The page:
Fewer people own their home now than in the 1980s

According to figures from Nordea Kredit, the average age of the first-time home buyer in Denmark is getting older and older. 

While in 1981, some 58 percent of Danes aged 25 to 29 already owned their home, in 2014 it was only 28 percent.

Similarly, 71 percent of people aged 30 to 39 owned their home in 1981. Today, the figure is only 53 percent. 

The downsize of living in big cities
However, Lise Nytoft Bergmann, Nordea's property economist, explains this may be due to more people choosing to live in big cities where a large number of the properties are co-operatives, which cannot be privately owned.

In Copenhagen, for instance, only 25 percent of the properties are privately owned. 

"If you choose to move to Copenhagen, there's a fairly high chance that you won't end up owning your home, simply because there are so many rental or co-operative housings there," Bergmann told Politiken.

Without family support it's expensive 
​Curt Liliegreen, the head of secretariat at the Knowledge Centre for Housing Economics, points out that a home buyer today must raise at least 5 percent of the total value as a downpayment.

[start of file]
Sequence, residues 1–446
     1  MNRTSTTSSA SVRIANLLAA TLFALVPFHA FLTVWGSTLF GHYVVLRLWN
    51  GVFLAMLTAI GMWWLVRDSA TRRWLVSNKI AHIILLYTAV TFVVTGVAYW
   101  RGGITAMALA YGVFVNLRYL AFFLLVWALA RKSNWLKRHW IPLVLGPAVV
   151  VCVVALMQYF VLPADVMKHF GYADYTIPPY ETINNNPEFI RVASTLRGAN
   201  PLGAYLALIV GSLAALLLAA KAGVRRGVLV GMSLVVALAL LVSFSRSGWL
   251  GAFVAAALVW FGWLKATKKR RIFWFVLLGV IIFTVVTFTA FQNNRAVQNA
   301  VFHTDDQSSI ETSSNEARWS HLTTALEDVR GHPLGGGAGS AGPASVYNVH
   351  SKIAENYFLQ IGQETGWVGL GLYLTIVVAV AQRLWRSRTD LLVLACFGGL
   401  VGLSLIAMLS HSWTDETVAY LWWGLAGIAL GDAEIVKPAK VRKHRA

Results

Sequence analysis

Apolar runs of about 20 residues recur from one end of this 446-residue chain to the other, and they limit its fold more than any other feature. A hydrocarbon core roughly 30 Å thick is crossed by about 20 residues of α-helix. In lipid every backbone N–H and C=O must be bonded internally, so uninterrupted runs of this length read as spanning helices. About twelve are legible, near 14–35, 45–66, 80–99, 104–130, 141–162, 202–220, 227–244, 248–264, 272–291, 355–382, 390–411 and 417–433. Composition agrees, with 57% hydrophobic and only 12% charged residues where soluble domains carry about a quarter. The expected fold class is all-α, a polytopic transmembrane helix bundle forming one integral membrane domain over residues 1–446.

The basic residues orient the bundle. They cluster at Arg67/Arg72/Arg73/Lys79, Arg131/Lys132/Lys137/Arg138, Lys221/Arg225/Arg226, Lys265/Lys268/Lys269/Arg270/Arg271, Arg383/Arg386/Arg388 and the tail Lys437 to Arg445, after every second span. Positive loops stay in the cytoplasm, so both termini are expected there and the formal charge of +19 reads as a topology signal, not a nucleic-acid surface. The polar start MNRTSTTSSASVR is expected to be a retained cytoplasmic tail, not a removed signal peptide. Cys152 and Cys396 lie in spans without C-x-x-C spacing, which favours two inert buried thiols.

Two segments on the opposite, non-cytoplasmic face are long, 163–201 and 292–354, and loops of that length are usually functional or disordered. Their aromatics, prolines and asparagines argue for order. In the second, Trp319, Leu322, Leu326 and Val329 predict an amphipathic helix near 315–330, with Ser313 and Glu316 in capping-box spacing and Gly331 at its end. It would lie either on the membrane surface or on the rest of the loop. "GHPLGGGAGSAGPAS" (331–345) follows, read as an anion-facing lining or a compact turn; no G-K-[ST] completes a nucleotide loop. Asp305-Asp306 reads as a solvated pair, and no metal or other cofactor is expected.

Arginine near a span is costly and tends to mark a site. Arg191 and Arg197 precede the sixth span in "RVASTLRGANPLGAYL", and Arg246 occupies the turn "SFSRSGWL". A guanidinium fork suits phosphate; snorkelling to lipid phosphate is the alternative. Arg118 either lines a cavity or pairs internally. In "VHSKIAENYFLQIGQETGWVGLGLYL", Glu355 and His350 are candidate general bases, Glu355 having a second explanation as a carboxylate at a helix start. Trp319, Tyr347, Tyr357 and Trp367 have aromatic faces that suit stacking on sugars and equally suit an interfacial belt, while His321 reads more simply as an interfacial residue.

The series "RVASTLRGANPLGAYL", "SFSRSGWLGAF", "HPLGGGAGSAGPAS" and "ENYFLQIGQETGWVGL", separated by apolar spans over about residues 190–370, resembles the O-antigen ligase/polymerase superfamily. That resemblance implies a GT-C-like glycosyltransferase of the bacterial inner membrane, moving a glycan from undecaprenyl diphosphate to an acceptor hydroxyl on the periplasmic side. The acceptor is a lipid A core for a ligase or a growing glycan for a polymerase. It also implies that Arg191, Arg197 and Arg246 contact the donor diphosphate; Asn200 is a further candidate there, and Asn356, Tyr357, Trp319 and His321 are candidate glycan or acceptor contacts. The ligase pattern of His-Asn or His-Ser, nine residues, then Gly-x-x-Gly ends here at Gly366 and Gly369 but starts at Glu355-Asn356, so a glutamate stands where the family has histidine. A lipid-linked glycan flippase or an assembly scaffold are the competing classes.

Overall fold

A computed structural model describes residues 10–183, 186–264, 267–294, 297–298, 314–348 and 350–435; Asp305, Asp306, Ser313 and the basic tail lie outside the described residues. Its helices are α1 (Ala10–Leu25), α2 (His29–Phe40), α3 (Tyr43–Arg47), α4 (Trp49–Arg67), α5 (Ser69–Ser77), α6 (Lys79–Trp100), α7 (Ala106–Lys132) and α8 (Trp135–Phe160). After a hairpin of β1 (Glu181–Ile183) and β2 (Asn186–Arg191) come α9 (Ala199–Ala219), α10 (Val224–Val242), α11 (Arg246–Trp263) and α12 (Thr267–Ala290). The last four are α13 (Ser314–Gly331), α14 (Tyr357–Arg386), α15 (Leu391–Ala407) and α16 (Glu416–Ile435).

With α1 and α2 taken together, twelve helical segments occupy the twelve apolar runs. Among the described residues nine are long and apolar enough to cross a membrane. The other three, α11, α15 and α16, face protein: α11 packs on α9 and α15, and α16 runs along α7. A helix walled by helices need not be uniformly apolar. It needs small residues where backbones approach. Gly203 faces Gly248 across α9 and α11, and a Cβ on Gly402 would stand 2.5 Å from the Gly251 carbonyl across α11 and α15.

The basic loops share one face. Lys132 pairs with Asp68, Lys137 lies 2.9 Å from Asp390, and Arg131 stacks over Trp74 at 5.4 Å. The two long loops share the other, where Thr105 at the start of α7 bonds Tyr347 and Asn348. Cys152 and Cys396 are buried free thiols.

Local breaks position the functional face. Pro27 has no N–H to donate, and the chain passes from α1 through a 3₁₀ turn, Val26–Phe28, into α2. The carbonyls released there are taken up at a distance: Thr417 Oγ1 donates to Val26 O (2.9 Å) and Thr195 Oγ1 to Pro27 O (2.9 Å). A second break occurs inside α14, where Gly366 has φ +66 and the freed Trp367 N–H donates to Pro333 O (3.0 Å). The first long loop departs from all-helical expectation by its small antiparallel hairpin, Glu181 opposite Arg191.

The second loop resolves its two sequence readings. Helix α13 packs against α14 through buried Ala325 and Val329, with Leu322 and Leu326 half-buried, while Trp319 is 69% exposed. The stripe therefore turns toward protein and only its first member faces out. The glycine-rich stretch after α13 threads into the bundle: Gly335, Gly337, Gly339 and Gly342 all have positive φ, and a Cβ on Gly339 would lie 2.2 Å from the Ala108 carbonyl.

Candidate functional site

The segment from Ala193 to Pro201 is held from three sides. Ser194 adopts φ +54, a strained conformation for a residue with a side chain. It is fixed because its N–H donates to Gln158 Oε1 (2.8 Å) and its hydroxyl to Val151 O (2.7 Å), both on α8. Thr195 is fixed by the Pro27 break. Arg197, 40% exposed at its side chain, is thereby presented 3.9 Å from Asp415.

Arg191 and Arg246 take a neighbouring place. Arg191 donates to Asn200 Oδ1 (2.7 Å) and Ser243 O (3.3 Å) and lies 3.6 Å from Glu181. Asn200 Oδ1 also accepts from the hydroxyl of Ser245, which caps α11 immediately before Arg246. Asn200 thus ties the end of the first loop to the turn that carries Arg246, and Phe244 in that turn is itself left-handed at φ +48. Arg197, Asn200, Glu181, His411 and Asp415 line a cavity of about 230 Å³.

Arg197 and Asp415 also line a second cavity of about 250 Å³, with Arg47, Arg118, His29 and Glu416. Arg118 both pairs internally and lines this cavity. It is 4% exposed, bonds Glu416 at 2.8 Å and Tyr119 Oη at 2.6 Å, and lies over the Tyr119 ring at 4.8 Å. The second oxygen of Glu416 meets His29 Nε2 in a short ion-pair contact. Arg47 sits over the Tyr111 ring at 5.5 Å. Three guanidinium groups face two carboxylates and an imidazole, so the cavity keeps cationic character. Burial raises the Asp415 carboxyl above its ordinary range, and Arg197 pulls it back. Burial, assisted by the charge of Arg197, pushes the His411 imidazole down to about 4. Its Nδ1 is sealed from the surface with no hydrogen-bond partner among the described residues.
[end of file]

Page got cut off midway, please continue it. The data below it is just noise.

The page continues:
"Because of this requirement, young people tend to postpone purchasing a home, especially if they don't have wealthy parents to help them out or still have student debt," Liliegreen told Politiken.

Moreover, more parents are buying apartments and leasing them to their children to use during their studies. This means that they are increasingly not being forced to move out after finishing their studies as they would have been if they lived in university accommodation. 

Figures from Statistics Denmark show that in the period from 1993 to 2010, Danes typically stayed in their first home for a period of three to four years before they moved on.